An Israeli airstrike hit near the entrance of Al Shifa Hospital in Gaza City on Friday, killing multiple people, according to Gazan and Israeli officials, just as Palestinians said a convoy of ambulances was preparing to leave the hospital carrying wounded people to the Gaza border, to cross into Egypt for treatment.
The Israeli military said it had carried out the strike on an ambulance “being used by a Hamas terrorist cell,” adding in a statement that “a number of Hamas terrorist operatives were killed in the strike.” An Israeli military spokesman, Maj. Nir Dinar, confirmed that it was the same strike that caused the explosion outside the hospital.
The head of Al Shifa Hospital, Dr. Mohammad Abu Salmiya, said that 13 people had been killed and many were injured. He said that paramedics and patients in the evacuation convoy were among the injured, but that none had been killed. The death toll could not be independently verified.
The explosion happened about 4:30 p.m., according to local reports.
António Guterres, the United Nations secretary general, said in a statement on Friday that he was horrified by the strike and repeated his calls for a “humanitarian cease-fire.”
Hours earlier, a spokesman for the Health Ministry, Ashraf al-Qudra, had announced in a news conference that a convoy carrying “a large number of injured people” would head south on Al Rasheed, a coastal highway, at 4 p.m., toward the Rafah border crossing. A number of severely injured people have in recent days been taken to Egypt for medical treatment that is not available in the Gaza Strip.
In a later news conference, Mr. al-Qudra said that the convoy had left the hospital and had gotten to a nearby roundabout, Ansar, when it was hit by an airstrike. The convoy turned back, he said, and when it got back to the entrance of Al Shifa, it was hit again. He said 15 people had been killed and 60 wounded.
A statement late Friday from the Palestine Red Crescent Society said that there were five ambulances in the convoy, four operated by the Gazan Health Ministry and one by the charity. It said the ambulances left the hospital at 4:05 p.m. and headed toward the southern border, but after about 2.5 miles reached a crater in the road and had to turn back.
The statement said that when the returning convoy was less than a half-mile from the hospital, a strike hit the leading ambulance, which was operated by the Gazan health ministry. The other four ambulances proceeded to Al Shifa Hospital. When the Red Crescent Society’s ambulance reached within a few feet of the entrance, it, too, was hit, the statement said.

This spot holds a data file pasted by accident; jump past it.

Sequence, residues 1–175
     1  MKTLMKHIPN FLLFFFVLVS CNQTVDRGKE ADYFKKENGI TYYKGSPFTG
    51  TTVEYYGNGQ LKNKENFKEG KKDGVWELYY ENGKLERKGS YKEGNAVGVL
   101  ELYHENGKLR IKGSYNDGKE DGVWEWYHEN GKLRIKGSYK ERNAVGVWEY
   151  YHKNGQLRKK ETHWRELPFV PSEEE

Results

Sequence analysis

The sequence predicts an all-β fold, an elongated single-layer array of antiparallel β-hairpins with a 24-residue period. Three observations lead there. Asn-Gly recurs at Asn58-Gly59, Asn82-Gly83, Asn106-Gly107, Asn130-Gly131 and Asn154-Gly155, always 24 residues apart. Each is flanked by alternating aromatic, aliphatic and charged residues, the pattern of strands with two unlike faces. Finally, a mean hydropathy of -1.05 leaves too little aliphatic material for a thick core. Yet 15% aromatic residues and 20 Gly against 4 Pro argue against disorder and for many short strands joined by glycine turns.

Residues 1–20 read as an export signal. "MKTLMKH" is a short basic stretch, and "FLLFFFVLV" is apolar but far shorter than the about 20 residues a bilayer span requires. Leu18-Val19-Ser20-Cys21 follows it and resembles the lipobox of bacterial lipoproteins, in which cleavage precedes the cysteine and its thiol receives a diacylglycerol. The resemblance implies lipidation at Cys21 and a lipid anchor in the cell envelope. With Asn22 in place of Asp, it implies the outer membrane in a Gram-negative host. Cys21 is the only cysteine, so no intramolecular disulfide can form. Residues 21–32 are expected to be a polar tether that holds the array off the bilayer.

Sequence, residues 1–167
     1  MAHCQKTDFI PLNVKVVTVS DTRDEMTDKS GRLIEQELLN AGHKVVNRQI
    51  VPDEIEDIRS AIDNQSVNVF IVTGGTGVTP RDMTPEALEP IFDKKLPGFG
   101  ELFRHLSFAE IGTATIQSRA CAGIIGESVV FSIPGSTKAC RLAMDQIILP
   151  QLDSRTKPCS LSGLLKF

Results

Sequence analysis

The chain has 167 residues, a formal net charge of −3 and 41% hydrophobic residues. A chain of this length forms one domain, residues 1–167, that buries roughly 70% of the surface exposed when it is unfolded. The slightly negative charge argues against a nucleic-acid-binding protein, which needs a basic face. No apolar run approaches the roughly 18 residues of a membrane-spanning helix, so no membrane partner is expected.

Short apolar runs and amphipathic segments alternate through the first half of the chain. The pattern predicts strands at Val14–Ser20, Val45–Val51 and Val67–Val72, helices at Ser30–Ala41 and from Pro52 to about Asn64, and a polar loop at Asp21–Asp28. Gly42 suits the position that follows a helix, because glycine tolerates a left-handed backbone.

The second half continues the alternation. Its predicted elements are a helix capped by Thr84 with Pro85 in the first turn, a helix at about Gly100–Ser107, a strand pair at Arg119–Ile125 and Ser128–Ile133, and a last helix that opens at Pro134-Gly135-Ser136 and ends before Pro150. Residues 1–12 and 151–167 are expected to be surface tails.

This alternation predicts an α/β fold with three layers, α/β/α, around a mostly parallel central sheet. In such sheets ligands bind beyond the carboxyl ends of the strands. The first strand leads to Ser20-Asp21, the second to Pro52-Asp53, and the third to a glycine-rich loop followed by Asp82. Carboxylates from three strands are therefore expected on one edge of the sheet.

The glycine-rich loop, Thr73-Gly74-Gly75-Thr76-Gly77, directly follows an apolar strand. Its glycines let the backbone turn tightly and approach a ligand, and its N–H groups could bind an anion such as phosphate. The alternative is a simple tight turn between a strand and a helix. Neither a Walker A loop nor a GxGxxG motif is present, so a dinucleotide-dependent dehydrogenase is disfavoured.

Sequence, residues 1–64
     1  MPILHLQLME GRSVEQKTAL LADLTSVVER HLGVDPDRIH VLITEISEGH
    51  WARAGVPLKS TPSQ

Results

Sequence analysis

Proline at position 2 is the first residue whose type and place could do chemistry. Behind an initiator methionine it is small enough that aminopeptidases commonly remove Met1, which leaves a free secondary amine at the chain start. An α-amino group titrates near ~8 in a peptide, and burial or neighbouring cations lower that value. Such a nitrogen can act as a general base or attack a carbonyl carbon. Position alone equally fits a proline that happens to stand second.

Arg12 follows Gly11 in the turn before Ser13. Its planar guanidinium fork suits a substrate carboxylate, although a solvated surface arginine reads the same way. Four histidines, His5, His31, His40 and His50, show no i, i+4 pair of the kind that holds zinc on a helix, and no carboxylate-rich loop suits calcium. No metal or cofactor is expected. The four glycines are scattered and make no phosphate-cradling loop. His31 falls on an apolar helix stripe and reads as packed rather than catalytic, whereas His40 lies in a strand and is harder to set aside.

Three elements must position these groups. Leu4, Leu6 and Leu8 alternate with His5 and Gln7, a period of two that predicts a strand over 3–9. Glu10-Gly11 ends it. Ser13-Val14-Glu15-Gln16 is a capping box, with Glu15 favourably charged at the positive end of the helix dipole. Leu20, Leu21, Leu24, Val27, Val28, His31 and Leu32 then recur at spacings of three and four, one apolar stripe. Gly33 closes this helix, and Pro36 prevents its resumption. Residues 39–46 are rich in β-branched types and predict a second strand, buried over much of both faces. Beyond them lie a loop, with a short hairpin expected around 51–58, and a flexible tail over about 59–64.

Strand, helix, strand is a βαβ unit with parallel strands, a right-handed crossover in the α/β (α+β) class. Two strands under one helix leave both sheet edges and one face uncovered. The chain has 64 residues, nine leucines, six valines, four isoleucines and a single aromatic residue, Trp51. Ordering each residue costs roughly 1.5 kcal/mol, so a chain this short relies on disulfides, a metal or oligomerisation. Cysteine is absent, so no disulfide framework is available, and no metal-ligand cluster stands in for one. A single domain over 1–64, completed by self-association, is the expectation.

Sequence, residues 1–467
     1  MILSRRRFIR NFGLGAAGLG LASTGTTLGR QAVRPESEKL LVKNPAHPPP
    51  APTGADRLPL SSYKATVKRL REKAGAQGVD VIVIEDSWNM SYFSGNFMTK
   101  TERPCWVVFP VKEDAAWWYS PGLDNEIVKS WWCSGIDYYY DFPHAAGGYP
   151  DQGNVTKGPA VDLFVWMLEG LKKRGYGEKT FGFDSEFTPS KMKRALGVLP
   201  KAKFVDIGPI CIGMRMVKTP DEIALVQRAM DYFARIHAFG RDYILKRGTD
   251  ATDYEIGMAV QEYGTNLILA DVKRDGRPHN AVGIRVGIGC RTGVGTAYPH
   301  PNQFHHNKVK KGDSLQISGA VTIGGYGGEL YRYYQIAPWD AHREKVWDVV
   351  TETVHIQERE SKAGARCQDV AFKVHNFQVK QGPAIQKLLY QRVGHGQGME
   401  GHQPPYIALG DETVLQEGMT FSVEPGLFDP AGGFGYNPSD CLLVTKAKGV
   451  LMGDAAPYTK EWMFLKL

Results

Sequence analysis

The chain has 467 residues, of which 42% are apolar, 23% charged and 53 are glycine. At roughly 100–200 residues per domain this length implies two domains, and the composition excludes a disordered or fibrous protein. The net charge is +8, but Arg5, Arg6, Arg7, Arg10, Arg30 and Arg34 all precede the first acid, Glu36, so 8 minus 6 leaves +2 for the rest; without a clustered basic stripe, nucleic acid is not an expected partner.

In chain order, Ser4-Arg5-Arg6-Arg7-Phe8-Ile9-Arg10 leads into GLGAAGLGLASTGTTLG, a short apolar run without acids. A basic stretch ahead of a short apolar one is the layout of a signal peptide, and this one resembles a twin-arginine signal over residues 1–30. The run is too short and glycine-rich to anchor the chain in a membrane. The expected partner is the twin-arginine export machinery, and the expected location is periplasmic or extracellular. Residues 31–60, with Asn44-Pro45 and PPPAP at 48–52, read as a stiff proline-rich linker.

Al Shifa Hospital has been at the center of numerous claims and crises since the start of the war. Israel says that Hamas, which controls Gaza and orchestrated a deadly attack on Israel on Oct. 7, is operating a command center beneath the hospital. Hamas has denied that.
Displaced Gazans are living in and around the facility, believing it to be safer than other alternatives.
The Gazan Health Ministry and international aid groups say Al Shifa is running out of fuel and has had to curtail operations amid a continued cutoff of electricity and fuel from Israel. Doctors have said they are treating large numbers of people wounded in airstrikes without enough medicine and supplies.
Ismail Alghoull, who was filming inside the hospital at that time of the explosion, said he heard a blast near the ambulances and ran outside to see what had happened. He saw dozens of casualties, he said.
Salama Maarouf, the spokesman for the Hamas-led Gaza administration, said that one of his employees, Haytham Harara, was among the dead.
Ali Jadallah, a photographer for Turkey’s state-run Anadolu Agency, said that he was at the hospital with his sister. They were visiting their mother, who had been severely injured in an attack that destroyed their family home and killed four of their siblings as well as their father. They were near the entrance of the hospital when the explosion occurred, he said. His sister was hit by shrapnel.
Yousur Al-Hlou, Neil Collier, Patrick Kingsley and Nader Ibrahim contributed reporting.